Blended Finance is part of the OECD Development Assistance Committee's wider work on Private Financing for Sustainable Development. The overarching objective of this work is to mobilise additional resources to address the most pressing environmental and social challenges in developing countries. In addition to analysing blended models to de-risk and unlock private investment towards

the SDGs, the OECD is also looking into efforts to promote investment with measurable social and environment impact in developing countries through its Social Impact Investment Initiative. Another cross-cutting theme is green finance and investment, which is critical to ensure that future growth follows low-carbon and climate resilient pathways, and is carried out in collaboration with the OECD Centre on Green Finance and Investment. http://oe.cd/blended http://oe.cd/social-impact Beyond analytical work in support of policy issues, the OECD is developing an international standard for measuring the amounts mobilised by official development finance interventions (including guarantee schemes). So far, methodologies have been elaborated to measure the amounts mobilised through guarantees, syndicated loans, shares in collective investment vehicles, credit lines and direct investment in companies. Future work will cover a broader range of mechanisms such as standard grants or loans in co-financing with private investment as well as more complex financing schemes (e.g. PPPs, project finance). http://oe.cd/privfin

OECD Centre on Green Finance and Investment The main mission of the Centre on Green Finance and Investment is to catalyse and support the transition to a green, low-emissions and climate-resilient global economy, through the development of effective policies, institutions and instruments for green finance and investment.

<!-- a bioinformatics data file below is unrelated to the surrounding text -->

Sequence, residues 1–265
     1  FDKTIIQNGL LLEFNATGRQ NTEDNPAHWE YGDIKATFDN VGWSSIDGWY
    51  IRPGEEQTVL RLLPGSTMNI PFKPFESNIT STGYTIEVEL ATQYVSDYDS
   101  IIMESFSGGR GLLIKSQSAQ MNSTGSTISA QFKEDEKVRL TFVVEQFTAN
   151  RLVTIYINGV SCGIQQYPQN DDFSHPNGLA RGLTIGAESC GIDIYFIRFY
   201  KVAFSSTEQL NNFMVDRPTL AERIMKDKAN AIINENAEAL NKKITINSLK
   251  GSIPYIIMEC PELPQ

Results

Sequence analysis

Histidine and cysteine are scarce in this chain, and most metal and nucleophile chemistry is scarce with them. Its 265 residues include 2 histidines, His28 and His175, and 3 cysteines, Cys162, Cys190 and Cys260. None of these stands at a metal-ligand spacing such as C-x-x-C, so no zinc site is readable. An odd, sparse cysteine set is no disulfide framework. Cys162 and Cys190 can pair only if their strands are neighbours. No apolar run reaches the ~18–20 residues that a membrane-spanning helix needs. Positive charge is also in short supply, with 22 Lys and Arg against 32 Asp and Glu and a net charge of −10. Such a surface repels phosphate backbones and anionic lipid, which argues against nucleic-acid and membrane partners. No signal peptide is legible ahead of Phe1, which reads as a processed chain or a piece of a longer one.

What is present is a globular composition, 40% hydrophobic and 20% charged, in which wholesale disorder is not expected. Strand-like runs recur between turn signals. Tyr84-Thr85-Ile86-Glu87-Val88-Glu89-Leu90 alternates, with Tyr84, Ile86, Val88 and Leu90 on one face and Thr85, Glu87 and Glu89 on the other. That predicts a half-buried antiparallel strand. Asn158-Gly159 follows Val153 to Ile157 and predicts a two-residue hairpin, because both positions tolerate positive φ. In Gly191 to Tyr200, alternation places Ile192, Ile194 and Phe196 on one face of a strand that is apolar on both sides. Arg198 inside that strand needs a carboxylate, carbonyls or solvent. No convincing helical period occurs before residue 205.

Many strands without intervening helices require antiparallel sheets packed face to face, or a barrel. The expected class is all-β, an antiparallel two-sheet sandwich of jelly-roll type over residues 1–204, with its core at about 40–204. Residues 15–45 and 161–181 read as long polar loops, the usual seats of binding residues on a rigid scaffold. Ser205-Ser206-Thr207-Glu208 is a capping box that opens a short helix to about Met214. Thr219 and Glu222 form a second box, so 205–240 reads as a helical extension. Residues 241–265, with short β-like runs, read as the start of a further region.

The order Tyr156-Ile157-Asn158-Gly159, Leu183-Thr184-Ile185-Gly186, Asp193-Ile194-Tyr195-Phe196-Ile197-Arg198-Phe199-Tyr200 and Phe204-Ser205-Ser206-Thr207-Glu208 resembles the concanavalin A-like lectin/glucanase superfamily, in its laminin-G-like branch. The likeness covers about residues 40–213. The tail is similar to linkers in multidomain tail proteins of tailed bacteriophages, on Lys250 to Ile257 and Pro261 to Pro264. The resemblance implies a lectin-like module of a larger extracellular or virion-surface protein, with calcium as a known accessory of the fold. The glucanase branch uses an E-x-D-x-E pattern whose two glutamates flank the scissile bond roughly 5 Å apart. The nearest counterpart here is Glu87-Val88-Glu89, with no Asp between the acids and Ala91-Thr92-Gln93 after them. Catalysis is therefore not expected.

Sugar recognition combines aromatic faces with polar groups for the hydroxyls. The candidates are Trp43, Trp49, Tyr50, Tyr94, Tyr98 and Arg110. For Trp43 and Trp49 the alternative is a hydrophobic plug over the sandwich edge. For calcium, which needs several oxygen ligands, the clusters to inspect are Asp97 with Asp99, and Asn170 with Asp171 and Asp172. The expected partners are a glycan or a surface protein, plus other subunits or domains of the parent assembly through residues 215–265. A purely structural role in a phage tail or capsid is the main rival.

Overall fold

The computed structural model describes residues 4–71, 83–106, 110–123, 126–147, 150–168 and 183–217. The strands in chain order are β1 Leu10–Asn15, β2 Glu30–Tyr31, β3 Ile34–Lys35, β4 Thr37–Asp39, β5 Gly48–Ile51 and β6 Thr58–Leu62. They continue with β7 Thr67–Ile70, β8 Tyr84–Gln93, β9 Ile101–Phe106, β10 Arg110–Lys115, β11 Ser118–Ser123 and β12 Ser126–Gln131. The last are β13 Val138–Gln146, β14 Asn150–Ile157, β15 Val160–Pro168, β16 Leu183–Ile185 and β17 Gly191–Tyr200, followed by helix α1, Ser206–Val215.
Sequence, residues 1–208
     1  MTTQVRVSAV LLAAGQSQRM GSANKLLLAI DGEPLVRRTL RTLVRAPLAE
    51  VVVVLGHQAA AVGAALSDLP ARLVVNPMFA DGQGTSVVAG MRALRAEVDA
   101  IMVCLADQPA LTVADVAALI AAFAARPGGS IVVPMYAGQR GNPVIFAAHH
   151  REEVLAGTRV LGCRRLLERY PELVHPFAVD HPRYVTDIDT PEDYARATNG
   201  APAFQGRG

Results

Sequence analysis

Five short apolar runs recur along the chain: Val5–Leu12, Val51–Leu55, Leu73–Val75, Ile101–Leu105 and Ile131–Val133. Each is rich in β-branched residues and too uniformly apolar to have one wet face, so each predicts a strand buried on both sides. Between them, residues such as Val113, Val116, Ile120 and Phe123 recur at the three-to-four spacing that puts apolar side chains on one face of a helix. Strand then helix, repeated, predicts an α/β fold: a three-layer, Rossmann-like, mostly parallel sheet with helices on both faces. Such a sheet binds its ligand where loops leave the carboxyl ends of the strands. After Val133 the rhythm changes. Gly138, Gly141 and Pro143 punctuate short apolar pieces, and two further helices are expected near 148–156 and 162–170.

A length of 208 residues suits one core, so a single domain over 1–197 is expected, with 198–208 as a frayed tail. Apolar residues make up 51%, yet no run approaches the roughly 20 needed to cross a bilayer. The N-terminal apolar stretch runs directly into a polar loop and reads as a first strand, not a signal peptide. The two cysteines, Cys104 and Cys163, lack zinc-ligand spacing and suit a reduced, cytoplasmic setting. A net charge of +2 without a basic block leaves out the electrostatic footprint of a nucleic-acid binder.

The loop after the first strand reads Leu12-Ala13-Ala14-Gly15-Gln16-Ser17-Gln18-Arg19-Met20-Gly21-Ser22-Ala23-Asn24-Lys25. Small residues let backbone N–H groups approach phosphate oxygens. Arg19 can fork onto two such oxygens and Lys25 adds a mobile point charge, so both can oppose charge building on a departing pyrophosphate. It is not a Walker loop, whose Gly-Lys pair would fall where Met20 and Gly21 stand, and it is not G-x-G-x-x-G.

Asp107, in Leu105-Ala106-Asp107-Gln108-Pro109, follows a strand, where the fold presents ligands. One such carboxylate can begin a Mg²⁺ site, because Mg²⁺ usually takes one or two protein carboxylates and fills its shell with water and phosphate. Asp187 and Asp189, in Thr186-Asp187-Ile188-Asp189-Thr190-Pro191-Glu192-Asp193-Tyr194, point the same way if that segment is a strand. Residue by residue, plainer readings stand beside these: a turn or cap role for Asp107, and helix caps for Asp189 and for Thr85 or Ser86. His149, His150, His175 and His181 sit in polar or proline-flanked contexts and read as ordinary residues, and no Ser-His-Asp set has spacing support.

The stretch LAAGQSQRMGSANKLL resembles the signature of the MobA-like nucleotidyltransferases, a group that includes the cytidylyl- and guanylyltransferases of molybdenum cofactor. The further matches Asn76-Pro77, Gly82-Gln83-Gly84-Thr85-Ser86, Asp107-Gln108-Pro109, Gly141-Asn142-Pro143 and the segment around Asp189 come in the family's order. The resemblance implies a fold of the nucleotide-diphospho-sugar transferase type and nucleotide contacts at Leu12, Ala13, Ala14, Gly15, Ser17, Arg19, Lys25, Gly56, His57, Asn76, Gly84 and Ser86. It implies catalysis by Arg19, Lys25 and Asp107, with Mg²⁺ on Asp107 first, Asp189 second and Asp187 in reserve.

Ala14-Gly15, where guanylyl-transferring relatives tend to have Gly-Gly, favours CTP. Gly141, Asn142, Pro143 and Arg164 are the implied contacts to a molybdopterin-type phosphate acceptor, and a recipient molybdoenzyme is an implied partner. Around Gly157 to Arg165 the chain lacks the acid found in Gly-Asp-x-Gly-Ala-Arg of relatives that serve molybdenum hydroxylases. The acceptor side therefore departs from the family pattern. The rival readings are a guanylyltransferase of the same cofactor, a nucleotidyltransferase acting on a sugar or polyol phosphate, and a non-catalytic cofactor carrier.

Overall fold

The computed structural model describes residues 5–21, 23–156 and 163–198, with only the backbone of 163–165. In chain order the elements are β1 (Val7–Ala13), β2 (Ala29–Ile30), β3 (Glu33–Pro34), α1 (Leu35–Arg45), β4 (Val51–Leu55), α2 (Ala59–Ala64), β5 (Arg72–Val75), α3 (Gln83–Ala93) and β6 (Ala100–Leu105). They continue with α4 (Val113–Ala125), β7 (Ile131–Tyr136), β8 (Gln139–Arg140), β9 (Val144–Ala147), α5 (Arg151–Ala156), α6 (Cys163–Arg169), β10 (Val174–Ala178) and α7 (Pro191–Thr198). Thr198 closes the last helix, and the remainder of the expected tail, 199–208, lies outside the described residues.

BL E

www.oecd.org/cgfi/

D FINANCE E ND

STRATEGIC PUBLIC INVESTMENT

PRIVATE INVESTMENT MOBILISED


Blended Finance Paul Horrocks, Paul.Horrocks@oecd.org Wiebke Bartz-Zuccala, Wiebke.Bartz-Zuccala@oecd.org Irene Basile, Irene.Basile@oecd.org Green Investment and development Naeeda Crishna Morgado, Naeeda.CrishnaMorgado@oecd.org Jens Sedemund, Jens.Sedemund@oecd.org Tracking mobilisation of private finance Julia Benn, Julia.Benn@oecd.org Cécile Sangare, Cecile.Sangare@oecd.org Tomas Hos, Tomas.Hos@oecd.org View our website www.oecd.org/development/financing-sustainable-development/

October 2017

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Blended finance - Policy Perspectives  

Blended finance - an approach to mix different forms of capital in support of development - is emerging as an important solution to help mee...

Blended finance - Policy Perspectives  

Blended finance - an approach to mix different forms of capital in support of development - is emerging as an important solution to help mee...